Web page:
A group of north-side residents has stymied plans for a controversial development near Keystone at the Crossing, persuading a judge to void a City-County Council decision allowing the office, retail and restaurant project.
The residents of the Driftwood Hills neighborhood, located northwest of the intersection of Keystone Avenue and 86th Street, filed a lawsuit in May 2018 against the city. They claimed the council acted improperly by granting a rezoning request for the 5.8-acre site earmarked for the project near the intersection. The site is part of an area called Haverstick Forest.
Green Indy LLC, an affiliate of local developer Keystone Realty Group, had proposed building its Alexander at the Crossing project on the site. In October 2017, the city’s Metropolitan Development Commission rejected the rezoning request from Green Indy for plans that included a $20 million, 60,000-square-foot office and retail building.
However, in April 2018, the City-County Council approved a settlement between Green Indy and other nearby residents representing the Nora-Northside Community Council to build a revised version of the Alexander project.
Driftwood residents remained vehemently opposed to the project and claimed that they had been excluded from the negotiations between the Nora group and Green Indy. Among their concerns, the Driftwood residents objected to the removal of trees on the site for the project and increased traffic congestion.
In a decision dated Thursday, Johnson County Superior Court Judge Kevin Barton vacated the City-County Council’s decision, because, he said, the council failed to follow procedures laid out in state law for planning and zoning cases.
Barton found that the council should have referred the matter back to the Metropolitan Development Commission.
The judge also found that the Driftwood Hills plaintiffs were denied an opportunity for a proper hearing.
In the meantime, the site in question largely has been cleared of trees, which was permitted under the agreement.
“It’s a bittersweet win for those who understood the invaluable role these trees played in our community,” said Elizabeth Mahoney, one of seven Driftwood residents who were plaintiffs in the suit.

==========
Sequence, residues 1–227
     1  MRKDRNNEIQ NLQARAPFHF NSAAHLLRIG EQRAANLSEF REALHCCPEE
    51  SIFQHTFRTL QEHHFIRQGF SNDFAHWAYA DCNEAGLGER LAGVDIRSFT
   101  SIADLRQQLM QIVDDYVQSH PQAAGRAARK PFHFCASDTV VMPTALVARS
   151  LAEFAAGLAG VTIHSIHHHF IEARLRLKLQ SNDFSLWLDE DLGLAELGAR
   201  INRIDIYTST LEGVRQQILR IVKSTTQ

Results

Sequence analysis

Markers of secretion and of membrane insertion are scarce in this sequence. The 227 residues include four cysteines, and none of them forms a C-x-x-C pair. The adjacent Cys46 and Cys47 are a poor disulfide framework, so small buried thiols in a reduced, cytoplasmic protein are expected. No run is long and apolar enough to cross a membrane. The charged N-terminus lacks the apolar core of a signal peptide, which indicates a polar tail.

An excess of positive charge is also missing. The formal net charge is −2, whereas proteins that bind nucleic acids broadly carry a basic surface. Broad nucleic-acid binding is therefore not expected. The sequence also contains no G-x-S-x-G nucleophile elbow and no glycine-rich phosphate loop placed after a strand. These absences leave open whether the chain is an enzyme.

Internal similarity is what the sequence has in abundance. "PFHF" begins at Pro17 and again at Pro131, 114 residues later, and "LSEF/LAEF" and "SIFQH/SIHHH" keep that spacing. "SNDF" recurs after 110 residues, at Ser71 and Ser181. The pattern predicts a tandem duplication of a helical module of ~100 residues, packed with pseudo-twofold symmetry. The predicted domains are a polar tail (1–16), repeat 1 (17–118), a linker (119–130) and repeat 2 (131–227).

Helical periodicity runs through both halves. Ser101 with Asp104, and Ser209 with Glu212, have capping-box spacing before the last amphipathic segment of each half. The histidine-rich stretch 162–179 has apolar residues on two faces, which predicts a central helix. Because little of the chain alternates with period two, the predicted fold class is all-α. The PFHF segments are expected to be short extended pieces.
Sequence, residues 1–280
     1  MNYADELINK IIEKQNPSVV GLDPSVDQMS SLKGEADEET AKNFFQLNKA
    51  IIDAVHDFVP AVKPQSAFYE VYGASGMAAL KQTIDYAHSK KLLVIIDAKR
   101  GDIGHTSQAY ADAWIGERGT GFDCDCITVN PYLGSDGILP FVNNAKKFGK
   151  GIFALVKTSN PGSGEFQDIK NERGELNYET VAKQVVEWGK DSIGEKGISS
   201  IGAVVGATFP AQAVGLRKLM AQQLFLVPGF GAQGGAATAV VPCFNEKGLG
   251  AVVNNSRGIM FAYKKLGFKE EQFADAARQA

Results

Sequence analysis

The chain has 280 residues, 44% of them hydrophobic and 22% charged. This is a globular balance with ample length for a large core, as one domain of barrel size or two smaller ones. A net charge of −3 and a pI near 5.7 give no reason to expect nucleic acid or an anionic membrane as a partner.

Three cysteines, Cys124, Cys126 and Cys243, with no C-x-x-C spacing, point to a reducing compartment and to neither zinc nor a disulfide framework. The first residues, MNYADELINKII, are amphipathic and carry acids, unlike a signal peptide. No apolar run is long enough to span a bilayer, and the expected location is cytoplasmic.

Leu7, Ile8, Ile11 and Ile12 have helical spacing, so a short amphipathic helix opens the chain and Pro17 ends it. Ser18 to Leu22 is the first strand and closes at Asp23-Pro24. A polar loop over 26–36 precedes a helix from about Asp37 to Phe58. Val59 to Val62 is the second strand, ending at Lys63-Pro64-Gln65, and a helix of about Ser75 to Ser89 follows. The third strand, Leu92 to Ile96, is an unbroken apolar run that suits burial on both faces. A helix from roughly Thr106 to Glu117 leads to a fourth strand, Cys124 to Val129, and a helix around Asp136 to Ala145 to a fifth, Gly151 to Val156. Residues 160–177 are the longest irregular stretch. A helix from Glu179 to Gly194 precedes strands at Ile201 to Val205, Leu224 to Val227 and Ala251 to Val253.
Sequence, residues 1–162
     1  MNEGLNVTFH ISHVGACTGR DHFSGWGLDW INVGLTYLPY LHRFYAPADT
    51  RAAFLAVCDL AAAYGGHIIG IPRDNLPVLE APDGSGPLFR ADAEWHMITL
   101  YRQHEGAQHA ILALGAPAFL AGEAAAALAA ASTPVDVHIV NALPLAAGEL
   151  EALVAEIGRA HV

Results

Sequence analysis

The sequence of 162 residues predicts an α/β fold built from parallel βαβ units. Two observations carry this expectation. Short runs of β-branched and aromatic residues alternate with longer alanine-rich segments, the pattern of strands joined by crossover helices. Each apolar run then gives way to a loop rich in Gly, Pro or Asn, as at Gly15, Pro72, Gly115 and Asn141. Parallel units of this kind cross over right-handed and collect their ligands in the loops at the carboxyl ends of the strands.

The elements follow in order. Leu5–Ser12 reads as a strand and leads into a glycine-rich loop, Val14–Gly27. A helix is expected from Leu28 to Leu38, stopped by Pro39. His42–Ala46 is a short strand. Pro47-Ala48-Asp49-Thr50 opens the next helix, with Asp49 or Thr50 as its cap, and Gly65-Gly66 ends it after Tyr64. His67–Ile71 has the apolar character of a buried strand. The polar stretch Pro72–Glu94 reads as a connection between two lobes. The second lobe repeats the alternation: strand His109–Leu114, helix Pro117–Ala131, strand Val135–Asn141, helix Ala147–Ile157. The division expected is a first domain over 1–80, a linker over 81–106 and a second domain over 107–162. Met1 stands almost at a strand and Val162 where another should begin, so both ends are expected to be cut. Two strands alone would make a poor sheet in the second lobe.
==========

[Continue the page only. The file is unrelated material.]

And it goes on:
Joe Calderon, a Barnes & Thornburg attorney representing Green Indy, said the firm still plans to develop the property and will seek community input.
“As a good community partner, Green Indy will continue to collaborate with the neighborhood and city, as they have for the last nine years, on a great project to enhance our community,” Calderon said in a statement to IBJ.
The Driftwood Hills Neighborhood Association and Indiana Forest Alliance also were plaintiffs in the suit, but Barton found that they did not have standing in the case because they were not financially impacted by the zoning decision.
“This ruling shows that when citizens stand up to protect their property values and the forests near them, and zoning officials agree with them, that the City-County Council can’t arbitrarily use a technicality to trample on those rights and allow some new development anyway, ” said Jeff Stant, executive director of the Indiana Forest Alliance, in a media statement.
The council’s rare reversal of the MDC decision came about after then-councilor Colleen Fanning led a move to “call down” Green Indy’s petition from the commission.
Fanning said a clerical error brought the issue back through the council, and calling it down gave neighbors a chance to have a say in redeveloping the site, which Green Indy had purchased in 2011 for $2.2 million.
Nora residents who agreed to the settlement with Green Indy said the revised project was better than previous plans for the site. They wanted to prevent development of a big-box store, which had been proposed by another developer in the mid-2000s.
The zoning already in place for the land would have allowed such a development, they said. And it likely would have had a much greater impact on the neighborhood in terms of environmental and traffic issues than what Green Indy had proposed, said Ruth Hayes, president of the Nora-Northside Community Council.
“We came to a decision that the lesser of the two evils would be the Alexander project,” Hayes told IBJ on Tuesday.
Hayes worried that with the negotiated agreement with Green Indy now voided, a big-box project is again possible for the site–whether Green Indy wants to pursue it or the firm ends up selling the land to another developer.
“I do not see this as a win for the community at large,” Hayes said. “There are no protections for the neighborhood now.”
Hayes said she hoped city officials would appeal the judge’s ruling. An attorney for the council did not immediately respond on Tuesday afternoon to IBJ’s request for comment.